So, I put the perfectionist in time out and drafted a beginning-to-end story in my composition book, sitting in Starbucks and frantically scribbling in a stolen 30 minutes before I saw those same students at work.

Some things were clear from the video and from that very first draft—the Spanish interspersed throughout the text, the child and adult characters both named José, the circular ending—I made those choices right away, and they remain in the book.

However, it’s important to note that defining my personal connection to the idea gave me not only the confidence to write that first draft, but the stamina to continue revising it. As 2017 progressed, I researched Jose’s library, seeking out news articles and videos in both English and Spanish. I shared multiple drafts with critique partners, benefited from professional feedback at a conference, and made several rounds of sketch dummies to get the pacing right. Finally, José read a Spanish translation of the manuscript in the summer of 2017 and gave the project his blessing. And, like José’s single book, my single idea had become this:

And then, thanks to illustrator Paola Escobar’s talented hand, it became this:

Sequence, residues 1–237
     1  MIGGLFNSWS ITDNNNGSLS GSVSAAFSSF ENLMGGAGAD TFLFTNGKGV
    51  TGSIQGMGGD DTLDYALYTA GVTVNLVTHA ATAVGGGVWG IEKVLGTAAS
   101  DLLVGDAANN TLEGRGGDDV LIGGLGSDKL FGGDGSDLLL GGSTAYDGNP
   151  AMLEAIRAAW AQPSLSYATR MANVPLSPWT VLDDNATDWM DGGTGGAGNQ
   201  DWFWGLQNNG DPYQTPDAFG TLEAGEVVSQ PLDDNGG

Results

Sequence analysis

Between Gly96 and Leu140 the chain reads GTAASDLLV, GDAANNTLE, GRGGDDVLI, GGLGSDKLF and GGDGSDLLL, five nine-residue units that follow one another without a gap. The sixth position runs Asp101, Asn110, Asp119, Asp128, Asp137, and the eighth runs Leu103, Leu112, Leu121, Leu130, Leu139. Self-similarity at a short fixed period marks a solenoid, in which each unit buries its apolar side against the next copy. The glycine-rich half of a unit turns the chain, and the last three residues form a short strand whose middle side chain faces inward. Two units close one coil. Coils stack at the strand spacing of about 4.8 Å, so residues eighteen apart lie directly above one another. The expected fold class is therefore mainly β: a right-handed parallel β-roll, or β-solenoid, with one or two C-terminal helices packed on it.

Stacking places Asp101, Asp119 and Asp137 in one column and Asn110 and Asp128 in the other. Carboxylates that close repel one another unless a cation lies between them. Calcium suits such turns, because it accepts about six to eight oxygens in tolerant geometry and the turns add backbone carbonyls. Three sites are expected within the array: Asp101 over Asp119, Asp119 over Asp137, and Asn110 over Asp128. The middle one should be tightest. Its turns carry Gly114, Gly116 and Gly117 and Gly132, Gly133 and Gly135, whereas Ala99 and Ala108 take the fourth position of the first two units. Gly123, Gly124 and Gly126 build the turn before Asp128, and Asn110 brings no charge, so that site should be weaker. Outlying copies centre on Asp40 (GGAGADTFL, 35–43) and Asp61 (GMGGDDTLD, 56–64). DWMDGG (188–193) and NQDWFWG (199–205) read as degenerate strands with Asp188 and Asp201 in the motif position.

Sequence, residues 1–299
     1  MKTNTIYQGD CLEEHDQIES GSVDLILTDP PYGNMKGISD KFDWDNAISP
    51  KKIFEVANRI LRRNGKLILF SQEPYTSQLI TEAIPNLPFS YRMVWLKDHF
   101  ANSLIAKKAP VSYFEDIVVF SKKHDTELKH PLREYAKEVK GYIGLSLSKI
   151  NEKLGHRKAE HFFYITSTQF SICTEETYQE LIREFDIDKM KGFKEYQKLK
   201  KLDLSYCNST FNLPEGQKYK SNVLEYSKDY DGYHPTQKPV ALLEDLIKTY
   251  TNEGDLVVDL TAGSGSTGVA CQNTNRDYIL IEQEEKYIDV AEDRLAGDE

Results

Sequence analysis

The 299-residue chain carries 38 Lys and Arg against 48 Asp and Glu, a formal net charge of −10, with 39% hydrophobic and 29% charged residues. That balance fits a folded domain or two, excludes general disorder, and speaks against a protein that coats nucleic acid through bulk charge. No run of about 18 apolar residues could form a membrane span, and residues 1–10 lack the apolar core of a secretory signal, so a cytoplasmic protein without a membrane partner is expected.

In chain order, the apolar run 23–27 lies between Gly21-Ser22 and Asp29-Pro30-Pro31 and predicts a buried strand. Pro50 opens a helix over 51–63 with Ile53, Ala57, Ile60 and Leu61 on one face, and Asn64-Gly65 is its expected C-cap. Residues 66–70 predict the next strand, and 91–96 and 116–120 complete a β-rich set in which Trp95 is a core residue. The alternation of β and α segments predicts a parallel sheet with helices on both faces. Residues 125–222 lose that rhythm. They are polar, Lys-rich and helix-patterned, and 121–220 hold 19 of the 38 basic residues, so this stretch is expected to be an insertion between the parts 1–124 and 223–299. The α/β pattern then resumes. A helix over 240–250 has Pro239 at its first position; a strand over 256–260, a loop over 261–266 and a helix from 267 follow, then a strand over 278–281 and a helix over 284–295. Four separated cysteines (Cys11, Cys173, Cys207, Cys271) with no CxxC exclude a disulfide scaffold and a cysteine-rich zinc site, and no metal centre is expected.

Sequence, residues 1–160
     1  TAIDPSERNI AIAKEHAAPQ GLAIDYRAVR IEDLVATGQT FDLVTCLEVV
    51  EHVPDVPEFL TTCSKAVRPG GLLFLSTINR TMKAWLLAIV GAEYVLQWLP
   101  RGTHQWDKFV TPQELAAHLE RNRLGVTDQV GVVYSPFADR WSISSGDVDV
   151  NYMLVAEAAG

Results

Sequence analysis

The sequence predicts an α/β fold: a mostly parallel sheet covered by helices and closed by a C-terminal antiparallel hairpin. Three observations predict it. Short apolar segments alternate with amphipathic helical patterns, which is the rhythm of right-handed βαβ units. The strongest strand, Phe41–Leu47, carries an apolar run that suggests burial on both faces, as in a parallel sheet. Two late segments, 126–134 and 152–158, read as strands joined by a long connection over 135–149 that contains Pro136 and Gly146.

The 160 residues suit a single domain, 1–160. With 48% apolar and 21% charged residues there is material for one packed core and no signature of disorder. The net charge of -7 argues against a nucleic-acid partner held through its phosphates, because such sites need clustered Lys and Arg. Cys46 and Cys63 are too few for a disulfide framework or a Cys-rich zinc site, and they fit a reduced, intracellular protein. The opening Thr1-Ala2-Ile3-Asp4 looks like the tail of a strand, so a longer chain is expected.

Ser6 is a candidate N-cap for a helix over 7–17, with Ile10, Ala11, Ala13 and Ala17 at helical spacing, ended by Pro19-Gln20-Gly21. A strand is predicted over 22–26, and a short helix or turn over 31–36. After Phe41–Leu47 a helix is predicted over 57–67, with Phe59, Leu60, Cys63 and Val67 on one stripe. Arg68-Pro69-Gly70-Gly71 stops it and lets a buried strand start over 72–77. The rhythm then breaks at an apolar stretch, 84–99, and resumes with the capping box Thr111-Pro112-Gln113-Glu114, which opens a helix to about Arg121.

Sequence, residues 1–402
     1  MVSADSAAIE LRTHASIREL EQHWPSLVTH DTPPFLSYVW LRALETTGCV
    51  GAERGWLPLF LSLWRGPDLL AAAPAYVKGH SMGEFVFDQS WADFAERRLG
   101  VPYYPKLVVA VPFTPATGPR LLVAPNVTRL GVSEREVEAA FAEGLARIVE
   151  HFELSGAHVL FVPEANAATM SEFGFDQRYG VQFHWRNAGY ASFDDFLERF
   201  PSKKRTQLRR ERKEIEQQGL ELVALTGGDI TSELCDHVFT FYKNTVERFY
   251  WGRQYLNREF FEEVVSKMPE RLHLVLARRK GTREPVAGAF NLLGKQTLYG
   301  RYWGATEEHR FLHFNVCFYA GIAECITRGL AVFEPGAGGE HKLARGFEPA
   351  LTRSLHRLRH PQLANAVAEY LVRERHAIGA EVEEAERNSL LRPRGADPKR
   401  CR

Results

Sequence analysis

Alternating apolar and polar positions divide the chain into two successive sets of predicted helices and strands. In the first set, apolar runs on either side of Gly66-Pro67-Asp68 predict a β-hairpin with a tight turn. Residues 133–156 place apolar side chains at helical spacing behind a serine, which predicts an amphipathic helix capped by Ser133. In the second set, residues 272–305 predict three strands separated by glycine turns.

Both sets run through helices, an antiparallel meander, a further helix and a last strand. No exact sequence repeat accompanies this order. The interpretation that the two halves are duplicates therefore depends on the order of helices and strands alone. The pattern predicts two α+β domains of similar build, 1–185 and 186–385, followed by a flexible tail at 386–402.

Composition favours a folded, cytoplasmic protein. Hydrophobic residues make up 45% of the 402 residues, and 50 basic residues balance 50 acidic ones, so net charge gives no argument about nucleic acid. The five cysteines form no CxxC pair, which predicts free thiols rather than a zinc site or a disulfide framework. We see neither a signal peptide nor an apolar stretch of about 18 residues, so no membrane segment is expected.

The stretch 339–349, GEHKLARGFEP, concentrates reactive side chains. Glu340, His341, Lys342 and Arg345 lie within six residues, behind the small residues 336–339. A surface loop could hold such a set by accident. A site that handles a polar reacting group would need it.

If I can leave you with any advice, Storystormers, it’s this: Get those ideas down without wondering what will become of them. It’s the habit, not the single idea, that will set you on a creative journey you can’t even anticipate. You can find inspiration in the least likely or most mundane of places—recognize it means to you and your ideal reader. That is what can take something from viral to vibrant, no matter how many times it has been viewed (in the case of that original video, 8.3 million times).

You can view the original video here.


Angela Burke Kunkel is the author of the forthcoming DIGGING FOR WORDS: JOSÉ ALBERTO GUTIÉRREZ AND THE LIBRARY HE BUILT, illustrated by Paola Escobar and published by Random House/Schwartz and Wade. Look for both English and Spanish editions in September 2020!

In addition to writing, Angela is a current school librarian and former English Language Arts teacher. After soaking up the sun in the Southwest for a number of years, she now lives in Vermont with her family, two dogs, two guinea pigs, and one rapidly-growing bearded dragon (really, it’s rather alarming). Right now, she’s just trying to get through another Vermont winter by knitting an enormous blanket and baking sourdough bread.

You can subscribe to Angela’s author newsletter here. You can also find her on Twitter and Instagram @angkunkel, or check out her website at angelakunkel.com.


Angela is giving one prize winner a choice between a picture book critique or a copy of DIGGING once it is released in September.

Leave one comment below to enter.

You’re eligible to win if you’re a registered Storystorm participant and you have commented once below.

Good luck!

 

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HarperCollins